by Bill Evans
The Army division has been redesigned to take advantage of technology for information dominance and situation awareness. Situation awareness -- knowing where you are, where other members of your team are and where the enemy is -- is a combat multiplier that allows quicker response, independent operations and a more lethal force.
The conservative heavy division retained its traditional structure with maneuver brigades, division artillery, aviation brigade and division support (see related story). There no longer is an engineer brigade or chemical company in the division. The figures below compare the new division design to the former design (Army of Excellence).
|New conservative heavy division design.|
|Army of Excellence division.|
Since many of its "customers" remain unchanged and funding is limited for new equipment, the division Signal battalion has kept its basic design but will be enhanced to support the divisions larger battlespace (120x200 kilometers) and more data requirements (figure below).
|Changes in the Signal battalion under the new division design.|
Some of those changes are outlined, following:
| Tactical Internet. Situation awareness starts at the
fighting platform. The Global Positioning System feeds an onboard computer that displays
platform location and other "friendlies." This information is sent over the
tactical Internet -- made up of upgraded single-channel ground and airborne radio system
and enhanced position-location reporting system radios interconnected by internetwork
controllers within tactical organizations (platoons, companies, battalions: up to
brigades). Here the tactical Internet is interfaced with the mobile-subscriber equipment
network through a tactical multinet gateway. This process allows commanders at all
echelons to see where their forces are. More feeds from intelligence sources are sent to
units to indicate enemy locations.|
| 74B (information-systems operator/analyst) and 31U
(Signal-support systems specialist). During a "council of colonels" with the
force-design directorate at Fort Leavenworth, Kan., FDD directed that each battalion-sized
unit and higher would have three 74Bs to provide network management and security for the
tactical local-area networks. At brigade level there would be, in addition to the S-6, a
53A captain (systems-automation officer) and a 251A warrant officer (data-processing
technician). The number of 74Bs went from 20 in an Army of Excellence division to 120 in
the new CHD. There are more 31Us to support the vast increase of communications and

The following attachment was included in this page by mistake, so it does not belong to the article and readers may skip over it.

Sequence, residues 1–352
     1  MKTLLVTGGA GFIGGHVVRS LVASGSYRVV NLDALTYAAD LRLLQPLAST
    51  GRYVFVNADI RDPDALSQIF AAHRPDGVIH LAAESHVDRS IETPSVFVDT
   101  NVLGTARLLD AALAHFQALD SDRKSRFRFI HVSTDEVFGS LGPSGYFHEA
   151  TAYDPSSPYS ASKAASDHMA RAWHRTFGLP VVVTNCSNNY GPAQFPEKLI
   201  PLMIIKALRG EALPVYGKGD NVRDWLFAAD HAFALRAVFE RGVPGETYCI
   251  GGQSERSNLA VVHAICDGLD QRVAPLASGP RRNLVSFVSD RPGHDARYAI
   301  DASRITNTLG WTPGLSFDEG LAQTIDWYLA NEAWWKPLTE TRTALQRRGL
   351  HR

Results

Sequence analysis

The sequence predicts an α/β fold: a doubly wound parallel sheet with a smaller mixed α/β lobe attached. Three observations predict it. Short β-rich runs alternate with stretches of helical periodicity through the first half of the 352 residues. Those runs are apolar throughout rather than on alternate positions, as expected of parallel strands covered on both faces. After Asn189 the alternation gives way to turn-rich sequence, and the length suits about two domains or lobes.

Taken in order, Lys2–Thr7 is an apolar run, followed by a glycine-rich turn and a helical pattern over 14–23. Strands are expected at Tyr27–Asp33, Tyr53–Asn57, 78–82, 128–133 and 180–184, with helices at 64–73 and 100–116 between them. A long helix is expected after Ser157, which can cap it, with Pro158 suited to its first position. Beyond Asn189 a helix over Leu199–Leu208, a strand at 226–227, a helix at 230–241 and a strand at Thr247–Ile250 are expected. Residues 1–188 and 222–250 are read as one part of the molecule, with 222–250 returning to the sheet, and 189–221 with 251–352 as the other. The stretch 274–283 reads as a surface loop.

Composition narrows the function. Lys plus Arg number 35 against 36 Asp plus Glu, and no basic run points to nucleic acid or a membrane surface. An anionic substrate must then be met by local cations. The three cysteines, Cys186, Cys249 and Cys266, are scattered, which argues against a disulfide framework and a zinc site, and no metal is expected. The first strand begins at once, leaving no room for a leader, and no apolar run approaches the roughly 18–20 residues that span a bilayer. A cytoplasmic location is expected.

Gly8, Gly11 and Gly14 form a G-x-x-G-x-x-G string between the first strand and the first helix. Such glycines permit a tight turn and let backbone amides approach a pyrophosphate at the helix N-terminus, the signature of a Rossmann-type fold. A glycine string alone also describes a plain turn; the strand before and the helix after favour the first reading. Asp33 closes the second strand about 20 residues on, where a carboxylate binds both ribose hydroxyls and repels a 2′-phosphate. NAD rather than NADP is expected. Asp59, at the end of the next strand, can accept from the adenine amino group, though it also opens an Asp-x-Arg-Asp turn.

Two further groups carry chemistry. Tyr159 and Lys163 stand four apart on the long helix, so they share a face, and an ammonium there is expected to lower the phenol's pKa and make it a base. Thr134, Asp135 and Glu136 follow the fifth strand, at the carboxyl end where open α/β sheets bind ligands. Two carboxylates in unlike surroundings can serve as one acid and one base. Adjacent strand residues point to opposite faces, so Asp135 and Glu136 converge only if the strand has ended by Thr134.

automation equipment required throughout CHD.|
|Conservative division Signal battalion. CHDs Signal battalion has kept its traditional six-node structure. There is a headquarters company, three area companies and a support company. The total battalion strength is 616.|
The most obvious differences in the headquarters company is the addition of medics and the absence of the G-6 section, including the battlefield videoteleconferencing section and automation-support teams. There is a medical-treatment team consisting of a physicians assistant, medical noncommissioned officer and two combat medics. There are six more combat medics, one per Signal node. These six medics are Reserve Component.
The medical team is an effort to keep active strength at a minimum and document multicomponent organizations. This is a trend we will see more of in future table of organization and equipment documents.
The G-6 section was beefed up to support a digitized force. There are two automation-support teams to support main and tactical centers. There is a BVTC section designed to support main and tactical centers.
The area companies were the least effected. Each provides a node center, four small extension nodes and a local and remote radio-access unit. However, one line-of-sight Version 1 unit per node was deleted to meet endstrength requirements (12 secure, mobile, antijam, reliable, tactical terminals supporting the company will offset this loss).
In the Signal-support company, theres a Global Broadcast System tactical-insertion point section consisting of a satellite terminal and a multimedia work center to broadcast local division-wide information to subordinate units. There are 12 SMART-Ts for range extension and three frequency-modulation retrans teams, each with quad retrans capability. Due to the enlarged battlespace (120x200 kilometers), normal retrans will only be capable of extending the doctrinal division FM nets from the tactical center forward to the maneuver brigades and division artillery. There is an additional EPLRS section (total five) to cover the extended battlespace. There are three wire teams to assist the Signal battalion in performing its mission, and could provide assistance at the division main and tactical command posts.
The multichannel line-of-sight radios will have increased bandwidth enhancements and the switches will have asynchronous-transfer-mode capability.
CHD will depend heavily on digital communications capability provided by our Signal organizations and soldiers. Only through constant training and modernization of equipment can we maintain information superiority.
Mr. Evans, a retired Signal officer, works as a telecommunications specialist in the Signal Centers combat-developments directorate. He holds a bachelors degree in business administration from Benedictine College in Kansas and two masters degrees one in education and one in public administration from Georgia Southern. A graduate of Signal officer-candidate school and the Signal officer advanced course, his military experience includes division-artillery signal officer; commander, Company A, 143d Signal Battalion; battery commander in 212th Field Artillery Group; and senior instructor at the Regimental officer academy.